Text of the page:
We have collected a few rare spiritual poems from the masterpiece ‘Song’s of Kabir’ by the great mystic poet Kabir, one of the handful of spiritual geniuses whose realization transcends all barriers of dogma, religion, country and civilization.
Don’t not go to the garden of flowers!
O Friend! go not there;
In your body is the garden of flowers.
Take your seat on the thousand petals
of the lotus, and there gaze on the
The moon shines in my body, but
my blind eyes cannot see it:
The moon is withing me, and so is the
The unstuck drum of Eternity is
sound within me; but my deaf
ears cannot hear it.
So long as man clamours for the I and
the Mine, his works are as naught:
When all love of the I and the Mine is
dead, then the work of the Lord
For work has no other aim than the
getting of knowledge:
When that comes, then work is put
The flower blooms for the fruit: when
the fruit comes, the flower withers.
I laugh when I hear that the fish
in the water is thirsty:
You do not see that the Real is in your
home, and you wander from forest
to forest listlessly!
Here is the truth! Go where you will,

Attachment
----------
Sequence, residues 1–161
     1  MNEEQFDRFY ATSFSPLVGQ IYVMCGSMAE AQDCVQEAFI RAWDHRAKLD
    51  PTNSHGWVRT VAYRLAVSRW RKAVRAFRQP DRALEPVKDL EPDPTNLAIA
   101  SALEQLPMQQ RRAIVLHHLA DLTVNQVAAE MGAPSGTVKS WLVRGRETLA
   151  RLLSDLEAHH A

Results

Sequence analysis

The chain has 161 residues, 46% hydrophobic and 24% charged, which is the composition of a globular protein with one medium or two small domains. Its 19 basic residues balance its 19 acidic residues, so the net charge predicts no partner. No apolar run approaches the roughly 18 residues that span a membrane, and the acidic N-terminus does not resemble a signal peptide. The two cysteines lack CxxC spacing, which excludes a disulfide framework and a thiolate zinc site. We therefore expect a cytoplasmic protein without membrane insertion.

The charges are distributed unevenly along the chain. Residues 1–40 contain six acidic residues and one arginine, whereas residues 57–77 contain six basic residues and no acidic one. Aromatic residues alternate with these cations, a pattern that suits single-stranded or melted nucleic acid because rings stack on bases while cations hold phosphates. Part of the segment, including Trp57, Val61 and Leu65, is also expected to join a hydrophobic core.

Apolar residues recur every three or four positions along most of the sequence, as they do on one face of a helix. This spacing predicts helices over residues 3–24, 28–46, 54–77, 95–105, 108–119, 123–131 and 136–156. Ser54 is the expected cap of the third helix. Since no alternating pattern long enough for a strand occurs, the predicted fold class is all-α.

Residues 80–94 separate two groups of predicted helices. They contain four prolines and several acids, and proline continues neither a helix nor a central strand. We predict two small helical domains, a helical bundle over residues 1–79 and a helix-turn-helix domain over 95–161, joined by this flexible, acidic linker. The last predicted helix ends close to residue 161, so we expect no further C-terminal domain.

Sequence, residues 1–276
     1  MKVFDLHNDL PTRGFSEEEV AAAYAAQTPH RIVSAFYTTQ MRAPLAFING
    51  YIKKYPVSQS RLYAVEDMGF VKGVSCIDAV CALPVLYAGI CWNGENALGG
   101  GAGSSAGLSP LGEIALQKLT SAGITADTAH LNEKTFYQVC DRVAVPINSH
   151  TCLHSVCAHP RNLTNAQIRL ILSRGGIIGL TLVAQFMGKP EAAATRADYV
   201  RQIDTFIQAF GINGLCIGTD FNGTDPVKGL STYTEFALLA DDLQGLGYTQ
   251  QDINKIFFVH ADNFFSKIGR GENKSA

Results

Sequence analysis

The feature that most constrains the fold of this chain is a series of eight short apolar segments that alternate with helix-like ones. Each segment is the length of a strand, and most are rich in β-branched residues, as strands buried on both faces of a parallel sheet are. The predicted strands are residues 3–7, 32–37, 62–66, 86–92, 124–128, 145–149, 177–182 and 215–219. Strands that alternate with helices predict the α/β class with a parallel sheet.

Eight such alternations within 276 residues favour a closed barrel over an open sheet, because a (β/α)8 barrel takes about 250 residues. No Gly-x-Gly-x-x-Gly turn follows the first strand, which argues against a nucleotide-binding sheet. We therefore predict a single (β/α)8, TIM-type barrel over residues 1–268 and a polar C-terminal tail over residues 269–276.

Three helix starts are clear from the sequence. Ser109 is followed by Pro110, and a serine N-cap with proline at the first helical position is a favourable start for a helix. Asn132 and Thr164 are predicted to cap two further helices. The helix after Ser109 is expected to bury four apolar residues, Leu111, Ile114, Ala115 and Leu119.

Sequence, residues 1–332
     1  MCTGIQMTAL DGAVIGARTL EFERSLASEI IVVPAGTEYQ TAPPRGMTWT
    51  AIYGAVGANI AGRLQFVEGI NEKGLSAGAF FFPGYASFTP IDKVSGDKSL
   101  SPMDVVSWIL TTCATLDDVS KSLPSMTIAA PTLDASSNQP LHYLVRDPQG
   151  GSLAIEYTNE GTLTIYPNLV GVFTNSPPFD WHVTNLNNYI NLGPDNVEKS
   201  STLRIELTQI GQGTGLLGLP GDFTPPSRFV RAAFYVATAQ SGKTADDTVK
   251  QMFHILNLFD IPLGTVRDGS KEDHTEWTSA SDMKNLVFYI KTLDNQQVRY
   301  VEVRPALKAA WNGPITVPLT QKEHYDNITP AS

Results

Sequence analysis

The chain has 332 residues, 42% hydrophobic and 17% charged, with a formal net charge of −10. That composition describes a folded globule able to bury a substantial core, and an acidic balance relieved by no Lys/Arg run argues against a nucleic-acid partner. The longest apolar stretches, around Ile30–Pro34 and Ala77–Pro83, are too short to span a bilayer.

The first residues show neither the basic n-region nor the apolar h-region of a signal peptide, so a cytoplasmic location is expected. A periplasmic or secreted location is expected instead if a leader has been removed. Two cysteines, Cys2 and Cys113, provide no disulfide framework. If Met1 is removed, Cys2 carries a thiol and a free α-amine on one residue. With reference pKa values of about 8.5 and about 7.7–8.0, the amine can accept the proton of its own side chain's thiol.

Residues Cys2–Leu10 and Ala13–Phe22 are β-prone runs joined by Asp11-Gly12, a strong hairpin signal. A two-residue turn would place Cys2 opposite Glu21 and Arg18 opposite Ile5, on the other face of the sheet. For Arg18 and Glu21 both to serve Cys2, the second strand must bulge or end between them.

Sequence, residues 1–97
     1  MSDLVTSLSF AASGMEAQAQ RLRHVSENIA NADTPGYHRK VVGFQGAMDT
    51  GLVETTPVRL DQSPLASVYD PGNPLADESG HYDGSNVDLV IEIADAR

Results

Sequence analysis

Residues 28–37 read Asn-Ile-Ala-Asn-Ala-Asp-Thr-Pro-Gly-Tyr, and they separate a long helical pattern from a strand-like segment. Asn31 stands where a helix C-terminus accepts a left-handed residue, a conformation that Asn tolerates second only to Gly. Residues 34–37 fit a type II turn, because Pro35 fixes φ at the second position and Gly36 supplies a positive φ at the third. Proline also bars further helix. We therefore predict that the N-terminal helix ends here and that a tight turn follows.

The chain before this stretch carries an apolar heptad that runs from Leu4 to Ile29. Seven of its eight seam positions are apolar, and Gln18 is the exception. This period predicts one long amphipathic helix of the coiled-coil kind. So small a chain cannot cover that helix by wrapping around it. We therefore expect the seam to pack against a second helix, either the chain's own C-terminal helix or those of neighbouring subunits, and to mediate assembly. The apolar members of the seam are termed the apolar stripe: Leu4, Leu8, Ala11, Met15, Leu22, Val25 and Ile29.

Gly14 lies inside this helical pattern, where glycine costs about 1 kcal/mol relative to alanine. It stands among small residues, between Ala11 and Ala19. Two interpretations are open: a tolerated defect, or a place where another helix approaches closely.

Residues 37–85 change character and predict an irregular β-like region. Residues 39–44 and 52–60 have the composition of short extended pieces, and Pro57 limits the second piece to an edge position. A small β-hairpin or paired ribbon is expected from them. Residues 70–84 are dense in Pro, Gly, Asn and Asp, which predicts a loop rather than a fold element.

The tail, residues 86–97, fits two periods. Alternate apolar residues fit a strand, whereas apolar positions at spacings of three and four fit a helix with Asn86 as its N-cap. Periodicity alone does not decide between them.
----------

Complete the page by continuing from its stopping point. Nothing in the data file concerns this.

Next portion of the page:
to Benares or to Mathura; if you
do not find your soul, the world is
unreal to you.
The true Name is like none other
The dinstinction of the Conditioned
from the Unconditioned is but a
The Unconditioned is the seed, the
Conditioned is the flowers and the
Knowledge is the branch, and the
Name is the roots.
Look, and see where the root is: hap-
pines shall be yours when you
come to the root.
The root will lead you to the branch,
the leaf, the flower, and the fruit:
It is the encounter with the Lord, it is
the attainment of bliss, it is the
reconciliation of the Conditioned
and the Unconditioned.
Clouds thicken in the sky! O,
listen to the deep voice of their
The rain comes from the east with its
Take care of the fences and boundaries
of your fields, lest the rains over-
Prepare the soil of deliverance, and let
the creepers of love and renuncia-
tion be soaked in this shower.
It is the prudent farmer who will bring
his harvest home; he shall
both his vessels, and feed both
the wise men and the saints.
Source: Songs of Kabir, by Kabir, translated by Rabindranath Tagore